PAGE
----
What you need for the perfect picnic

  • Fri Jul 25th, 2014 1:07pm
  • Life

By Aaron Swaney Herald Writer

Whether it’s at the beach, a park or at the end of a short hike, it’s the perfect time of year to break out the picnic basket, lay out a blanket and enjoy the company of someone you love.

So what do you need for the perfect romantic picnic? We’ve put together a list of suggestions for two, plus substitutions for a family-friendly picnic if a date’s not in the cards. Here’s what to pack:

Meat

Start simple with a good cut of cured meats. We’re not talking about a metric ton of cheap ham. You want to impress, so get prosciutto or salami, or, to knock it out of the park, get coppa from Salumi in Seattle.

Cheese

Shoot for a mild Brie that pairs well with the intense flavor of the meat. Or consider the Cirrus or Seastack from Mt. Townsend Creamery in Port Townsend; find them at higher-end grocery stores or artisanal cheese shops such as The Cheesemonger’s Table in Edmonds.

Crackers

Put the Ritz crackers down and look for something flavor-neutral that’s truly just a vehicle for the meat and cheese. Pita chips are en vogue and make a perfect delivery system.

Make it family friendly: Sandwiches are a simpler option with kids in tow. For something fun and out of the ordinary, buy sliced turkey, cream cheese, cranberry sauce and bakery rolls. It’s easy to put together and not too messy.

Wine

This should be light and fruity. Keep the big, bombastic table wine where it belongs: on a table. Some local, low-cost wines we’d suggest include Barnard Griffin Rose of Sangiovese, a frequent award winner with aromas of strawberry and tangerine; Chateau Ste. Michelle Dry Riesling, with floral and mandarin aromas and crisp fruit flavors; and Boomtown Syrah, with blackberry, cream and floral flavors.

Make it family friendly: Nobody says you can’t bring the wine along, but the kids will need something. There are plenty of options with juice boxes and the like, but for something special, let each kid pick out an artisan soda.

Dessert

A nice bar of chocolate from, say, Theo Chocolate is quick and easy, but it’s not too inspired. Instead, head over to L’Artisan French Bakery in Silver Lake and get a couple of individual-sized tarts. It’s the perfect way to finish off a romantic meal.

Make it family-friendly: Cookies are a great alternative. Instead of the stock Oreos, however, look for some from Seattle’s Cougar Mountain Baking Company, which most grocery stores carry. I’m partial to the seasonal Ballpark Cookies with chocolate chunks, peanuts and toffee.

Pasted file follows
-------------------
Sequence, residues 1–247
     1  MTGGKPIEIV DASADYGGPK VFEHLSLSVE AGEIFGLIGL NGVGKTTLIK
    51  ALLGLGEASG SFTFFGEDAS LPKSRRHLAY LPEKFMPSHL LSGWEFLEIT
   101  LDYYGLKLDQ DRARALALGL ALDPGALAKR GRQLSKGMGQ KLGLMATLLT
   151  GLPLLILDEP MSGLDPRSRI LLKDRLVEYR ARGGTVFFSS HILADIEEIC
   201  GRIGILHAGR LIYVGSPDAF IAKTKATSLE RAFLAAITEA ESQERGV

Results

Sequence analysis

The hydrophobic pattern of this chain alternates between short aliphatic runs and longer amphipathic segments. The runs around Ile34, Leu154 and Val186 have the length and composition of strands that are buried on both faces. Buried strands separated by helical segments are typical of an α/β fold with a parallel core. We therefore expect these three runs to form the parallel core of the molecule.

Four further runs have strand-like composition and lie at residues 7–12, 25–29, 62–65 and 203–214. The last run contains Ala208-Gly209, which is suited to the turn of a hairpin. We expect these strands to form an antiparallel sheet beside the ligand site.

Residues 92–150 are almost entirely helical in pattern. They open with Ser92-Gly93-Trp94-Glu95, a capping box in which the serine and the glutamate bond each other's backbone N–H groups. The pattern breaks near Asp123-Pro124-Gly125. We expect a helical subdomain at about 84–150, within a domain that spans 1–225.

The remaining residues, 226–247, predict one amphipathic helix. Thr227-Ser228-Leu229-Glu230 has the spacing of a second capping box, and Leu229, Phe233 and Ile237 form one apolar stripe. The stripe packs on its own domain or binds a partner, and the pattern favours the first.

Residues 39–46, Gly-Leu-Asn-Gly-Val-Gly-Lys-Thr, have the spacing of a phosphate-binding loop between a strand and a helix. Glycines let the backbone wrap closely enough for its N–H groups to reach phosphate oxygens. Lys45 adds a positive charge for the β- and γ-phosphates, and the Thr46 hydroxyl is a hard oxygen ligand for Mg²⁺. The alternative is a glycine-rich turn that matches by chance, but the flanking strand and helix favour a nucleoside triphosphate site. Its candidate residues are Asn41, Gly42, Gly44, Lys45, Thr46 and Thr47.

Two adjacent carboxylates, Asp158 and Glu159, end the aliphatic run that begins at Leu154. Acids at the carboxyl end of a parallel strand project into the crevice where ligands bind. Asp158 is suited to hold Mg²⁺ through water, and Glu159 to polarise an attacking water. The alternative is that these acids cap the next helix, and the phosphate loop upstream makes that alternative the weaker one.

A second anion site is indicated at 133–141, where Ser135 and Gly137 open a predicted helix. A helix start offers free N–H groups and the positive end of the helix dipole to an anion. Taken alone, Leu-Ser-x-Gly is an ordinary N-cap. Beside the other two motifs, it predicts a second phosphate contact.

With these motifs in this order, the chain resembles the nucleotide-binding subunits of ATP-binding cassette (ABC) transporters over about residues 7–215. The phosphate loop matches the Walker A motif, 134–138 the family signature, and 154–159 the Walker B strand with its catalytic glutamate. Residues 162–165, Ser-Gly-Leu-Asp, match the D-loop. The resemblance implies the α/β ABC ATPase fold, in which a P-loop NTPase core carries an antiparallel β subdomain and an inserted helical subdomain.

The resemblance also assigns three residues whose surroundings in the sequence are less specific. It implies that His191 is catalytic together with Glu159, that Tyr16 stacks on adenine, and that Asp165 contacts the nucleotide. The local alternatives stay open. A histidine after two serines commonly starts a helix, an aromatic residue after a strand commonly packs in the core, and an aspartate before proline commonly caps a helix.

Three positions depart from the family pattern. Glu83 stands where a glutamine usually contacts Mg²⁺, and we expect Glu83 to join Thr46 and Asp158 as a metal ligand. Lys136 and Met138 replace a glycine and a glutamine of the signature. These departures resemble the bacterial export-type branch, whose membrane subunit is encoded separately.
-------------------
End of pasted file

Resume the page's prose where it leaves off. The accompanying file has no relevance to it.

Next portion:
Music

Thanks to portable iPod docks and iPhones, this is a lot simpler than the days of the mix tape and the boombox that took eight D batteries. The playlist can be tricky — think more soul and jazz and less Bon Jovi — but if everything’s charged, your picnic will have a nice aural quality.

Make it family-friendly: Same equipment, different playlist. Think more Pharell and songs from the “Frozen” soundtrack and less jazz. One hint: No Katy Perry songs.

Entertainment

We’re not sure anyone actually reads poetry aloud, and staring romantically into each other’s eyes can only last so long. The key is something you can do together, such as a crossword, Scrabble or cribbage. If you play guitar, bring that. If you’re down with technology, take the iPhone off the dock and play a game, such as Flipside Charades.

Make it family-friendly: Bring games, preferably something active. Bocce ball kits are easy to transport, and a Frisbee, football or a baseball are even easier.

Where to go

There’s no shortage of parks in our area that are ideal. In south Snohomish County, there’s Meadowdale Beach Park and Marina Beach Park in Edmonds. Head north and you’ll find Kayak Point Regional County Park in Stanwood or Camano Island or Cama Beach state parks. In between is Mukilteo’s Lighthouse Park or Jetty Island, a short ferry ride from the Everett Marina. Looking to enjoy a picnic at the end of a short hike? Monte Cristo off Mountain Loop Highway and Bear Lake on Pinnacle Lake Trail are good, or check out two suggestions from guidebook author Craig Romano.